This connection might arise, for example, via a convincing argument given by an advocate who speaks to the values held by the individual (i.e., an argument framed in terms that the individual considers to be important). Emotive material can play an important role in changing public attitudes and eliciting public concern (Olson and Zanna, 1993; Sitar, 2012). Activists can play an important role in highlighting an issue of which the public may be unaware and in disseminating materials.
This is where “whacktivists” fail, and they do so in at least two ways: expecting the public to react to material they found to be emotive and compelling, and becoming aggressive when it does not happen; and reacting with aggression and anger toward those engaged in a behavior of which they do not approve. Trying to convince someone to change their behavior through anger and threats hardly ever works (e.g., Fink et al., 2003). In fact, it is far more likely that aggression and anger will convince someone that a particular point of view is wrong, and may make them “batten down the hatches,” becoming entrenched in their opinions, and leading to intractable polarization over the issue (Anderson et al., 2014; Singleton, 2016).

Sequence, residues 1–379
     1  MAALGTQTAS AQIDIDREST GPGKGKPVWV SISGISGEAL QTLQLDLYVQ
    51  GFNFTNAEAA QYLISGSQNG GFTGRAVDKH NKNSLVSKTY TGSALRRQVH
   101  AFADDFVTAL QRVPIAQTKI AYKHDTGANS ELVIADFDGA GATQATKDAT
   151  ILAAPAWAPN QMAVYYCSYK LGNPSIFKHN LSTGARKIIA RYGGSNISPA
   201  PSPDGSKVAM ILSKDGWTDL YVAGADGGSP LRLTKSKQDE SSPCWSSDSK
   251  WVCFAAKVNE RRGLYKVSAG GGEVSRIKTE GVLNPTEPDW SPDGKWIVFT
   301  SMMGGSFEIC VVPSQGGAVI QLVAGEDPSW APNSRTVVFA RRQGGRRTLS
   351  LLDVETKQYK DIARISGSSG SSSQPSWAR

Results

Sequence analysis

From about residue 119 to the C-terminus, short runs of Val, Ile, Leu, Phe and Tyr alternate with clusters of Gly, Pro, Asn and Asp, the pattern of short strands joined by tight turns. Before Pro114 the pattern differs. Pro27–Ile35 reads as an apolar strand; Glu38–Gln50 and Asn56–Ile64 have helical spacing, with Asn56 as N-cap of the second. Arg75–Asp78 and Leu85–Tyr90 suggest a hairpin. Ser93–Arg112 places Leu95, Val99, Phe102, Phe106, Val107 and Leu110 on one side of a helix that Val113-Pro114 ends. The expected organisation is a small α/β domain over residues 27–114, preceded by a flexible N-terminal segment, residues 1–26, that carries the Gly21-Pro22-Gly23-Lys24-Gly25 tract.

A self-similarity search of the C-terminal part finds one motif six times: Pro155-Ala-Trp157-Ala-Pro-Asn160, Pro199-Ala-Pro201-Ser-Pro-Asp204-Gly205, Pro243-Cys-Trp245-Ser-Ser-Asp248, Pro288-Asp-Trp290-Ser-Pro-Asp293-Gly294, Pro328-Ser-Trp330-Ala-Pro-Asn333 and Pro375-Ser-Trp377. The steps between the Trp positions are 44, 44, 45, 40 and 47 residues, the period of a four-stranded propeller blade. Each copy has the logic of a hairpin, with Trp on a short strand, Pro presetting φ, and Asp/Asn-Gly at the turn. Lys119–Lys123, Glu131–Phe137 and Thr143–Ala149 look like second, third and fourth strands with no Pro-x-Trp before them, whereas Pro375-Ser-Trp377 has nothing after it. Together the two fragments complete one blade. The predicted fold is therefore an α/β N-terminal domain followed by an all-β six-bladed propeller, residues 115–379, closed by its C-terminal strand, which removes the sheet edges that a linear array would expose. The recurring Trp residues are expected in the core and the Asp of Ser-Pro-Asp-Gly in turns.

Unfortunately, while there are many informed activists, there are also many whacktivists—especially ones who engage in issues that involve charismatic and high-profile species, such as big cats or cetaceans, as these species tend to engender passion and concern in members of the general public (Leader-Williams and Dublin, 2000). As noted, uncivil, online whacktivists make issues more polarized through their participation (Anderson et al., 2014). Their behavior can alienate potential allies and undermine outreach efforts. This is detrimental, both for informed activists and the cause for which they are fighting (Singleton, 2016). The behavior of extreme activists and whacktivists has been found to taint public opinion against activism in general, such that members of the public actually resist changing their behavior when the proposal to do so comes from activists (Bashir et al., 2013).
As mentioned above, who oppose conservation actions often try to portray their opponents, including conservation scientists, as extreme, emotional and irrational (Parsons, 2013). The actions of whacktivists can be used as evidence to justify this stance, and thus turn the public against valid conservation concerns. Therefore, dealing with the whacktivists on “your” side can be as critical as dealing with those on the other side of a conservation issue.